No, I wrote this article for for my private investors, urging them to snap up our hard money first trust deeds.

“Right now just about every bank in the country – almost all 4,000 of them – is out of the commercial mortgage market.  While commercial loan demand has plummeted, we are seeing some very, very attractive deals.”

“Folks, you have to be smart.  Until this crisis, 4,000 commercial banks and another 5,000 credit unions were competing against us in the small balance commercial loan market.  Poof!  They were suddenly and completely gone.  For the next few months, we have the market largely to ourselves.”

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Beer Drinking With George Tonight

Tonight (May 4th) at 5:00 p.m. Eastern Time, I am going to hold a Zoom BS session to just chat, share, and gossip about the amazing happenings in commercial real estate finance.

There is no cost to attend, but I would really like it if each of you would hold up a beer, a wine, or a mixed drink to show you truly grasp the spirit of the occasion.  This chat is supposed to be, first of all, fun; but I suspect we will all learn some interesting things as well.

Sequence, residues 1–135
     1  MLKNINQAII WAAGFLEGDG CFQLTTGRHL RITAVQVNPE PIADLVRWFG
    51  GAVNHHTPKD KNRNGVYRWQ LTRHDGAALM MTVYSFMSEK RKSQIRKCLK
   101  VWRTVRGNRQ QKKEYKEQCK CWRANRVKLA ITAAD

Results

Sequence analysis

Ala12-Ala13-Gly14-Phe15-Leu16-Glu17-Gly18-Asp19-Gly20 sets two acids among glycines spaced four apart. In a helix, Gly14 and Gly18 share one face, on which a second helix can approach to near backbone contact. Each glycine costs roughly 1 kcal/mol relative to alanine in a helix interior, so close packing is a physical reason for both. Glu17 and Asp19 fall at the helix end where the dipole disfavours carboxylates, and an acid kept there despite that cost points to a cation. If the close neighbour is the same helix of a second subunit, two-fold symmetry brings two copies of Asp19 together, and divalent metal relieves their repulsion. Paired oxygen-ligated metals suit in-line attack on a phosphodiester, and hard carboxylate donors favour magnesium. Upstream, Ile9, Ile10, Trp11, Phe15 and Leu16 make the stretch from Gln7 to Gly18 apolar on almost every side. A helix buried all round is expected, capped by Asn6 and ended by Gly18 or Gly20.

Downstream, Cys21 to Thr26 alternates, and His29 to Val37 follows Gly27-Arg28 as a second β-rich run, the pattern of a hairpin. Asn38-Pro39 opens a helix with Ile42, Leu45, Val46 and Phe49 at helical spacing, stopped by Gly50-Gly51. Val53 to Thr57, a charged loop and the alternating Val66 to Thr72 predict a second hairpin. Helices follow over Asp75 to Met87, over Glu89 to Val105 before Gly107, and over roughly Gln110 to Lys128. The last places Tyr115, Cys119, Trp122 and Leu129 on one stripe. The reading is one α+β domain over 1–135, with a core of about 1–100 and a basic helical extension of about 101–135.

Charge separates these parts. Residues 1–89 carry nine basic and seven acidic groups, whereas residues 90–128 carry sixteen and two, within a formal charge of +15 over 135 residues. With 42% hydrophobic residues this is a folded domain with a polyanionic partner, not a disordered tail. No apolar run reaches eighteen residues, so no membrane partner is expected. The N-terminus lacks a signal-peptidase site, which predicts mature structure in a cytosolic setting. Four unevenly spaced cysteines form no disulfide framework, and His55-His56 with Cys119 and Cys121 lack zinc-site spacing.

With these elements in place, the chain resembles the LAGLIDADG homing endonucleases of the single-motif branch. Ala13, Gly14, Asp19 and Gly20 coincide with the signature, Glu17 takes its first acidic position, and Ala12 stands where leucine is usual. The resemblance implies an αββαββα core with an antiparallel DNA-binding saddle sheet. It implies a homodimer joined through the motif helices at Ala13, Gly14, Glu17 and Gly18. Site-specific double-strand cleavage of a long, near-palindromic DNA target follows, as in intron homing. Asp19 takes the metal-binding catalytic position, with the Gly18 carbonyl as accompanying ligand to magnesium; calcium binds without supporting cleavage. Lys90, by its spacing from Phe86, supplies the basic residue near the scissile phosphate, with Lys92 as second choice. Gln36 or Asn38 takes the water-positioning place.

There is no fixed agenda.  This is not a training class.  I’ll make a few observations about how to survive and prosper in a weird market like this, but after that, the floor is open to anyone to chat about anything related to commercial real estate finance.

To get into the meeting, please write to me, George Blackburne III (the old man), at george@blackburne.com for your Zoom instructions.

I literally get 1,350 emails every single day, seven days per week, so it is please VERY important that your subject line read, “Beer Drinking With George.”

We have 31 people signed up for tonight, and I am going to cut it off at 35.  If you don’t get an invitation, I’m sorry, but you missed the cutoff.  You’ll just have to get drunk on your own.  Darn!

I am using the free version of Zoom, so they will cut me off after only 40 minutes.  I urge those of you who have signed up not to be late.  It would be great if some of you could please bring either some hot commercial lenders to recommend or some related observations to share.  Thanks!

By George Blackburne